On the baseball calendar, September 1st means that teams can expand their rosters by adding as many as 15 players. It is an uneventful late-season benchmark and a system that needs some tweaking. But for 31-year old New York Yankees reliever Andrew Bailey, the date was anything but uneventful.
“It’s been a long road, a lot of hard work and it’s just fun being around this group of guys,” Bailey told me about being back in a big league clubhouse after more than two years of wondering in the wilderness.
In July of 2013, Bailey had season-ending surgery to repair a torn labrum and torn capsule in his shoulder. During that off-season, the Yankees took a gamble on the oft-injured reliever with an incentive-laden minor league on the chance that he would be able to contribute in the bullpen before the end of the year. But it didn’t work out that way due to a variety of setbacks and he missed the entire 2014 season.
“I couldn’t have asked for anything more from the Yankees sticking by me through ups and downs and a couple of setbacks,” Bailey said. “But I think for me knowing that the doctor gave me an 18-24 month window, I tried to stay true to myself to reach that goal and understand that there are going to be bumps in the road. I think understanding that it is going to be a long road was a little bit easier to not get as frustrated with a couple of the setbacks.”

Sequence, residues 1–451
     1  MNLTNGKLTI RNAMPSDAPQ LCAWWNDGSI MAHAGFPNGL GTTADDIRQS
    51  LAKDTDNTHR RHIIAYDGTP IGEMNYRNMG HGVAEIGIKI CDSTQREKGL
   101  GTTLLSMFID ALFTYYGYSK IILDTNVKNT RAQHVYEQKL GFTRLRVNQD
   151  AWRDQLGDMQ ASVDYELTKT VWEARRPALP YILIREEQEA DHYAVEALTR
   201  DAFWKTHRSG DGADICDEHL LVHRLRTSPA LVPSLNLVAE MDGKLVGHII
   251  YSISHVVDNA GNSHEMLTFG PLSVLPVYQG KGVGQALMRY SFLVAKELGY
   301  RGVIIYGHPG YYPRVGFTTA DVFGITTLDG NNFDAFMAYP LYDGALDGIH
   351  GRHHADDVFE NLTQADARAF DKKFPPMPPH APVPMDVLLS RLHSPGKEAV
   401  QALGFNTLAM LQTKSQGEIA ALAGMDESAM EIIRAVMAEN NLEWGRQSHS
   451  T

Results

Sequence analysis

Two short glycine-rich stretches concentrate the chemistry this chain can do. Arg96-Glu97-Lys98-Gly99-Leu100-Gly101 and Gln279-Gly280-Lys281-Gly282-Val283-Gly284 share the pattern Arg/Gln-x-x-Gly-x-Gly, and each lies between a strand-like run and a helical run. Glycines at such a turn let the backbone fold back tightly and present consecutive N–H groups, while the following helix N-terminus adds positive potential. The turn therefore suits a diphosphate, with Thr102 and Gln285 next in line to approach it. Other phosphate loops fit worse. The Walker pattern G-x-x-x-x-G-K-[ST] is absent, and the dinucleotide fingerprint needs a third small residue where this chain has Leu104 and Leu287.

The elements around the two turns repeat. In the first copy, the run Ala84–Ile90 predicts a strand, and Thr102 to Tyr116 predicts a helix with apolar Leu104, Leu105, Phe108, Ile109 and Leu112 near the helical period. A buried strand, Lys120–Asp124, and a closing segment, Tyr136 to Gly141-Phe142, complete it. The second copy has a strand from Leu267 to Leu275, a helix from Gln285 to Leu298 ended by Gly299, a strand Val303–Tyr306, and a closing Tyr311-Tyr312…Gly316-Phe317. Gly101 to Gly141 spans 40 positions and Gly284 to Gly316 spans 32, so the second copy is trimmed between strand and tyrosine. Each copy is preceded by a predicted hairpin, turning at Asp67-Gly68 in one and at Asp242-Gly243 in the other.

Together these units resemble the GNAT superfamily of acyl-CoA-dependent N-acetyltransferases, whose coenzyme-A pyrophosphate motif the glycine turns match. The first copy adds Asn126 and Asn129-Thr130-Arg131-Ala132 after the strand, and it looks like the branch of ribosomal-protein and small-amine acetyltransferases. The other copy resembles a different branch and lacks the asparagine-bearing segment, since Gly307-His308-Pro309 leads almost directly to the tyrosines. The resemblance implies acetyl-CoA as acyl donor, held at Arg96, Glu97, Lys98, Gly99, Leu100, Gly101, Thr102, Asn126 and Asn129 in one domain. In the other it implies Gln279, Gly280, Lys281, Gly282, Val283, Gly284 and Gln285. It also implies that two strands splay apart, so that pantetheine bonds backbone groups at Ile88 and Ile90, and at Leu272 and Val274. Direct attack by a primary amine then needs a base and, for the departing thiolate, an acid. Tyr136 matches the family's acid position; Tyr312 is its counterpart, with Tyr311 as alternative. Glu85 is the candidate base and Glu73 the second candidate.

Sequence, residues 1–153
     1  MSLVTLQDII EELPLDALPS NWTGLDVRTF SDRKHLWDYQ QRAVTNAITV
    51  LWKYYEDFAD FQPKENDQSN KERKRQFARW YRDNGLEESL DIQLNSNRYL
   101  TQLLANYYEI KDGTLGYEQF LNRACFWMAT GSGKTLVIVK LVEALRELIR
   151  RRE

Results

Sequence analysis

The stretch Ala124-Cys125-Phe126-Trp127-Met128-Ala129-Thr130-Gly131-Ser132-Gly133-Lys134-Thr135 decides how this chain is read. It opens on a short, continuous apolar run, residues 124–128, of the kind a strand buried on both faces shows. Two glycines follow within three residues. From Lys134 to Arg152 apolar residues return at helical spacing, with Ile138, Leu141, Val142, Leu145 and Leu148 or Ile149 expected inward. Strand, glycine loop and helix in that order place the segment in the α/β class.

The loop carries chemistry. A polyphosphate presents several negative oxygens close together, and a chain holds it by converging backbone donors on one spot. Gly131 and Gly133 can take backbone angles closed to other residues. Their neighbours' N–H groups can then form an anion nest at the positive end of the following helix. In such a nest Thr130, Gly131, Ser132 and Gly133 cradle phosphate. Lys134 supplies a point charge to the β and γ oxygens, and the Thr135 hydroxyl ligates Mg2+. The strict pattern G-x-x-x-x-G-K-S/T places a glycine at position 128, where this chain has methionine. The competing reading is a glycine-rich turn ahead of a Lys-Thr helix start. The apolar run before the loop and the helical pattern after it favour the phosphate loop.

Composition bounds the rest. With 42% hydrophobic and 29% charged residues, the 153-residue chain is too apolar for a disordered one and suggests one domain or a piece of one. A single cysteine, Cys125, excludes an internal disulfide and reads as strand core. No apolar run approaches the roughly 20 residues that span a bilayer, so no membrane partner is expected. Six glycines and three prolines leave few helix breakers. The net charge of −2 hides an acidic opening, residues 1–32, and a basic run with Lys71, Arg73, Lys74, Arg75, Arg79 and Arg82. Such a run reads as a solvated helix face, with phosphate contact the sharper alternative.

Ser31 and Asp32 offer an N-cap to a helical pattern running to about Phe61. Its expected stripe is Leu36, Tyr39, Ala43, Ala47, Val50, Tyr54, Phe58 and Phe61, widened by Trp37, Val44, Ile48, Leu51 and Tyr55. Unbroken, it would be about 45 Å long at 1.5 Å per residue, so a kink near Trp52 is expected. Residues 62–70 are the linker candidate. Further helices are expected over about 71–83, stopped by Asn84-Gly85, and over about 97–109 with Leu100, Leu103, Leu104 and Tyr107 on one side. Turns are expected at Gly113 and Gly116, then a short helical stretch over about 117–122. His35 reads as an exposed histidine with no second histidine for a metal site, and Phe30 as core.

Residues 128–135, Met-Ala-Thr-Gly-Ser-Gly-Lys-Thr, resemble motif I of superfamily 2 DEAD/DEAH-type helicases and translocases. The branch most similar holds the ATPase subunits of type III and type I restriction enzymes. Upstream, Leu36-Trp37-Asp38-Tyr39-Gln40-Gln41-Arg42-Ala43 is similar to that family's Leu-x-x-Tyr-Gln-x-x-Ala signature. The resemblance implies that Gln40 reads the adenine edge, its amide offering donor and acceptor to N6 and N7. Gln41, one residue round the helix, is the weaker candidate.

When healthy, Bailey was one of the most successful closers in baseball. He won the American League Rookie of the Year Award in 2009, appeared in two All-Star games and saved 75 games with a 2.07 ERA for the A’s from 2009-11. He made the game look easy, but not everything came easy for the kid from New Jersey.
Coming out of high school, Bailey was considered more of a college prospect. He accepted a scholarship to Wagner College on Staten Island, a cold weather school not known for producing baseball players.